In this article we will discuss the use of bathroom vanity lights.
The bathroom is increasingly becoming a place of refuge, a place to wind down and relax after a long day or recharge for the day ahead. Up until a decade or so ago, the bathroom lights would have got the least consideration in the house. The lighting budget would be saved up for the public areas of the house; the living room, dining room etc with one single ceiling fixture for the bathroom to take care of the entire lighting requirement. But now with spa tubs and steam showers coming in to homes, the bathroom is getting a lighting makeover too.
A good lighting plan is a series of layers; a judicious mix of ambient, task and accent lighting. Adequate ambient lighting for the shower, enhanced task lighting at the vanity for shaving or putting on make-up and beautiful accent lighting to elevate the mood of the bathroom or accentuate that niche are all parts of the lighting plan.
Bathroom vanity lights should always get top priority in the lighting plan as they are hardest working lights in the lighting scheme. The following pointers will help you choose the best bathroom vanity lights:
Do not put recessed ceiling fixtures above the bathroom vanity as this casts shadows on the face making it harder for daily grooming rituals.
Do try and use vertical fixtures or wall sconces on either side of the mirror. This provides the best even lighting for the face. However, given the space constraints of many apartment bathrooms, this may not be such a great idea.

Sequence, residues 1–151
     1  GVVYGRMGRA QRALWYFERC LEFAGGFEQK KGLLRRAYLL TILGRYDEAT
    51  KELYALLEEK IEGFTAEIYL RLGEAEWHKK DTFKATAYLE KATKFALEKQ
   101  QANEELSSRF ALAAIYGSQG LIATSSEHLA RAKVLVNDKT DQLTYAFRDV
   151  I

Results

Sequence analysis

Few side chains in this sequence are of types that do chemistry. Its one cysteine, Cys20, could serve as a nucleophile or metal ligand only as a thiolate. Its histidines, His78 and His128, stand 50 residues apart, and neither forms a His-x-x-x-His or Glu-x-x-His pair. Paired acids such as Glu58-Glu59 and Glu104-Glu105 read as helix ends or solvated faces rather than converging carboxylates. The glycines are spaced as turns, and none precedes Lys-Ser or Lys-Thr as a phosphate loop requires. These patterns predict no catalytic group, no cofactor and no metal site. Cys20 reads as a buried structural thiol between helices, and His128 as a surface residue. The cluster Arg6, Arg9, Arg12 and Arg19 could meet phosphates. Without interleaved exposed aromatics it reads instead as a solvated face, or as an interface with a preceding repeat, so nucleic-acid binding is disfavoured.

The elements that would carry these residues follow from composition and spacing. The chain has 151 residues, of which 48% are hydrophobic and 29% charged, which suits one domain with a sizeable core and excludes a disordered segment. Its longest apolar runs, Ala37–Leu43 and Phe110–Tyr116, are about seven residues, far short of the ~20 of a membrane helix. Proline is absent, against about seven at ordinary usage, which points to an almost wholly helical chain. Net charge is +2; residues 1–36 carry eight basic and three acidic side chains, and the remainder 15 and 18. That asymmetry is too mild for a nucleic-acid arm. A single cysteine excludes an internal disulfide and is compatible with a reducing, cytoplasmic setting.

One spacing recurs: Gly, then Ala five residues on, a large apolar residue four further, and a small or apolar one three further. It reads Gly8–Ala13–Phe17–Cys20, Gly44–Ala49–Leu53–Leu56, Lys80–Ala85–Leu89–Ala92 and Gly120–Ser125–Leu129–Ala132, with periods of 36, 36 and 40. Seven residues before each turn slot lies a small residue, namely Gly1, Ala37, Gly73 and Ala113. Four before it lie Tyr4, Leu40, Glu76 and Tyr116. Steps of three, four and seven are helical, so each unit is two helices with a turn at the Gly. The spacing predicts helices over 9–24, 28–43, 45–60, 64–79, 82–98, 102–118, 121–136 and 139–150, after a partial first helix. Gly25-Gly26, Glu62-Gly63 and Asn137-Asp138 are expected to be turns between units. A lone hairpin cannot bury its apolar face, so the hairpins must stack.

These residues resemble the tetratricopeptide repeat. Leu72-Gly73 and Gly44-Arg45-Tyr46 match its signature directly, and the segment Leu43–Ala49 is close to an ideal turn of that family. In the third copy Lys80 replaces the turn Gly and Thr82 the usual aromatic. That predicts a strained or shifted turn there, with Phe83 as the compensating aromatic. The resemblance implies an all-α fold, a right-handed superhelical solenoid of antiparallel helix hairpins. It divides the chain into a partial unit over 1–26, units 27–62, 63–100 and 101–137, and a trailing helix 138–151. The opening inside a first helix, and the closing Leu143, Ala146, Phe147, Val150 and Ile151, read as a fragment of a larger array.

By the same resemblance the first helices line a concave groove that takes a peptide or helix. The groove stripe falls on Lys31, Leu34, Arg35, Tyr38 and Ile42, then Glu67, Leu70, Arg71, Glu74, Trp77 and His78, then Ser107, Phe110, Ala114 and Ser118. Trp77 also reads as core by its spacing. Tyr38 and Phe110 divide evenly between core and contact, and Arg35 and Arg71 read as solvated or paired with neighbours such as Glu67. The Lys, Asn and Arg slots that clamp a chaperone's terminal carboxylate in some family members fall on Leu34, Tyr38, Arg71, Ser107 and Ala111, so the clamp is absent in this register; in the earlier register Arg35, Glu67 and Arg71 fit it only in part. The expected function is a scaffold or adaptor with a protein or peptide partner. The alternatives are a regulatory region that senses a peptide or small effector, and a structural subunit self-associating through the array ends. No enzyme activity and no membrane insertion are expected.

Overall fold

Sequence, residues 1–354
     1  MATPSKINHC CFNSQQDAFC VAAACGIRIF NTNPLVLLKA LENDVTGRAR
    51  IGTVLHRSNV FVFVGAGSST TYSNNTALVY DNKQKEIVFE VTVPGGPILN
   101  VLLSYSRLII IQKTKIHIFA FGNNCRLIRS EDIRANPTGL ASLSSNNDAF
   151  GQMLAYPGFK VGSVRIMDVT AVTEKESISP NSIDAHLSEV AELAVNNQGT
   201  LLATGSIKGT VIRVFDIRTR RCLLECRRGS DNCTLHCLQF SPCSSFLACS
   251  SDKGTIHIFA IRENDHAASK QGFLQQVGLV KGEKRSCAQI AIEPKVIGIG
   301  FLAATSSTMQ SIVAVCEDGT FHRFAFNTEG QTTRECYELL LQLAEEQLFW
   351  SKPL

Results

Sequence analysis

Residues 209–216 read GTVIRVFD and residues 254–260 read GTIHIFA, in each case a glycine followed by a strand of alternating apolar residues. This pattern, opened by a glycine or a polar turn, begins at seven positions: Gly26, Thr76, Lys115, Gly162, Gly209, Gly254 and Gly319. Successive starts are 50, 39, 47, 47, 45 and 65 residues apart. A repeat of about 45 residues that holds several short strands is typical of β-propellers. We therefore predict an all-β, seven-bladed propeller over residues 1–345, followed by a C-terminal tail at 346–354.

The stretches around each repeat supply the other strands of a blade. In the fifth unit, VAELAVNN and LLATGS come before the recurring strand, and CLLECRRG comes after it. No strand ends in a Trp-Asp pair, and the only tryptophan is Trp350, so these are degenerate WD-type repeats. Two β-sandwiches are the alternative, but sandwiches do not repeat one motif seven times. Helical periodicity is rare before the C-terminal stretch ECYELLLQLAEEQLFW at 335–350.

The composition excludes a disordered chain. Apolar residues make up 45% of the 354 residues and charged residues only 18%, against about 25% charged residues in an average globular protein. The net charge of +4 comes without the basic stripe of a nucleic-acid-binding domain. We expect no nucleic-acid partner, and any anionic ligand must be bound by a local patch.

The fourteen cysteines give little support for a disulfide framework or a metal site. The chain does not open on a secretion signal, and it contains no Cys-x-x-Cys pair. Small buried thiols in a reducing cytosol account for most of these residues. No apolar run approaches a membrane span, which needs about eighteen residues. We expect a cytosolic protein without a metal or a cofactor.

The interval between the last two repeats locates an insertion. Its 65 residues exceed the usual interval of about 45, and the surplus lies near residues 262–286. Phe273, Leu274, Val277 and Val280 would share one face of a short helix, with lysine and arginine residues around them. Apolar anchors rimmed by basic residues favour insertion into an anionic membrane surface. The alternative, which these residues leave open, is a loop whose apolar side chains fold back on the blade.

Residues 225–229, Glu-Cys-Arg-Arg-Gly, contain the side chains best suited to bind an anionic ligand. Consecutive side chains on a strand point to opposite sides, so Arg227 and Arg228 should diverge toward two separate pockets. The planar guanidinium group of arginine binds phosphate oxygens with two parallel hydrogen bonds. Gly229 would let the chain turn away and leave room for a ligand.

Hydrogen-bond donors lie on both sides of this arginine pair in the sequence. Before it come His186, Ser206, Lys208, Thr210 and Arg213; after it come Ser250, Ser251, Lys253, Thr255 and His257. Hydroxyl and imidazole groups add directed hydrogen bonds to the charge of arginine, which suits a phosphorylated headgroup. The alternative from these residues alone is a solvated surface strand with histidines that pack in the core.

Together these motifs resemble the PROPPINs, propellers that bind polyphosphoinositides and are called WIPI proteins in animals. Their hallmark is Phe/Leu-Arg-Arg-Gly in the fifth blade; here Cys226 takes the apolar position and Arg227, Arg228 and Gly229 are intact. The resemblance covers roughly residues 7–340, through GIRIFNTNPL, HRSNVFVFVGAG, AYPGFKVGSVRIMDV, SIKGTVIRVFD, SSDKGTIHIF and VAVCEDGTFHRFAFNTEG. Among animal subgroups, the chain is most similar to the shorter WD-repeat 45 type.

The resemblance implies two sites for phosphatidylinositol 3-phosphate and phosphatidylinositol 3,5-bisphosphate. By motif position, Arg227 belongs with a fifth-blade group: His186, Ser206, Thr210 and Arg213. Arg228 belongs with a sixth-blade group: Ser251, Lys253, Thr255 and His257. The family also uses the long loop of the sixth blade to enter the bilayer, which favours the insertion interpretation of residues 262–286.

Do use a mirror over the mirror (or mirror cabinet) if side lights are not possible. This should be at a distance of 75-80 inches from the floor, approximately 150 W (or CFL equivalent of 12 W) and spread over 24 inches of a light fixture to provide even lighting for the face.
Do consider what size of fixture looks best for the bathroom vanity lights. A general rule of thumb is to not use a fixture that is longer than the bathroom vanity. Long vanities will require multiple fixtures. Double sinks look best with a single light over each wash basin. Wall sconces look best paired with a mirror light.
Do try and coordinate the finish of the bathroom vanity lights with the rest of the d?cor. For example, traditional vanity unit can have matt black or wrought iron fixtures while a contemporary sleek vanity can have polished chrome fittings.
Do not use bare bulb fixtures as this can be a shock to the system, especially first thing in the morning and particularly if there is no natural light in the bathroom. Use coated or frosted bulbs with frosted glass covers for the most flattering and diffused light. Another option is to use dimmers if budget and rewiring permits.
Do ensure that the bathroom vanity light that you choose is designed for the bathroom and that is waterproof.
An expertly designed and well thought out lighting scheme will offer years of pleasure. So think hard on all the options and decide what bathroom vanity lights suits you best.